A big part of our work year-round is helping countries create proposals to present at the next CITES meeting, and gather support for them. Months, even years of work go into these proposals to better protect species native to the Americas from the often devastating demands of wildlife trade — but it’s not until the COP that we get to see if they are accepted.
Posts By: Rosa Indenbaum
As nations prepare to gather at the CITES meeting in South Africa, several are working in support of a proposal to help address the root of the wildlife trafficking problem: consumer demand.
In just three years, the numbers of devil ray gill plates on the market have tripled. As devil ray numbers drop, nations are joining forces to protect the species from the demands of this trade.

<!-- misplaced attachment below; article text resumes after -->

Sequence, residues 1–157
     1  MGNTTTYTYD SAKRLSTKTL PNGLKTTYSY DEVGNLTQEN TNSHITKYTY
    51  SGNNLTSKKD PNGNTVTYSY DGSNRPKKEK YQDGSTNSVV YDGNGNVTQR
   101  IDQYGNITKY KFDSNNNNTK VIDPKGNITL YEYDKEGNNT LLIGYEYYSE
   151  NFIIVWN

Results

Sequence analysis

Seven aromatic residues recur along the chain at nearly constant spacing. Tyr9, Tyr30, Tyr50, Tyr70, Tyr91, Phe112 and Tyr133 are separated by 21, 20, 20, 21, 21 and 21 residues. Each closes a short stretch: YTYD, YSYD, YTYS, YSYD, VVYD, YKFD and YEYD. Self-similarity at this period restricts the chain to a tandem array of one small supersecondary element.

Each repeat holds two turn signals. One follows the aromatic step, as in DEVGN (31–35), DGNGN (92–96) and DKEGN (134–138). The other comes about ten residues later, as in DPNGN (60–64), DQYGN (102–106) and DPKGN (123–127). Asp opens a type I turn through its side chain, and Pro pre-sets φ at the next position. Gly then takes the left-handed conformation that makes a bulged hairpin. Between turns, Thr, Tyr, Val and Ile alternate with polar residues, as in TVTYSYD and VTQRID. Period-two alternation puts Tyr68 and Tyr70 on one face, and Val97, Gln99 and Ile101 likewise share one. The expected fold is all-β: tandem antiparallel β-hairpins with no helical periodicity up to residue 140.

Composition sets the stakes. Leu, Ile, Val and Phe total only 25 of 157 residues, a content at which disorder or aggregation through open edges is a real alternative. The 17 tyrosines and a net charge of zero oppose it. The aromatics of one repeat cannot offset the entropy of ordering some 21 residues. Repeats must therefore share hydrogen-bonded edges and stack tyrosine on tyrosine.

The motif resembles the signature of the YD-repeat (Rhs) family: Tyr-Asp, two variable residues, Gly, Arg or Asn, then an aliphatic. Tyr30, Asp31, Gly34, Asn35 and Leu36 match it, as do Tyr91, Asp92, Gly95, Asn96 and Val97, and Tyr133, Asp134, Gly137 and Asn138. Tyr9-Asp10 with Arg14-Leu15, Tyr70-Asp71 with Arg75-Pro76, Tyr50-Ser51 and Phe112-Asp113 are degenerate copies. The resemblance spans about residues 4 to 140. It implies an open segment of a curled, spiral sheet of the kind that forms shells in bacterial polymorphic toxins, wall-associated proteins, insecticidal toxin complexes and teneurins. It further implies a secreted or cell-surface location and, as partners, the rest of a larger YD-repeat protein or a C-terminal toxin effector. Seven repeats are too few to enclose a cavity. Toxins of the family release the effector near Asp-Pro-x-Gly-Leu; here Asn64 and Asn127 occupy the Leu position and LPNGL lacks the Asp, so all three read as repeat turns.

When we think of stingrays we often think of oceanic stingrays, shuffling our feet as we enter the water to avoid getting stung. But, did you know there is also an entire family of freshwater stingrays that are native to South American rivers?
With its numbers in steep decline, the Titicaca water frog needs all the help it can get. International protections from the pressures of wildlife trade could make a big difference for this endangered species.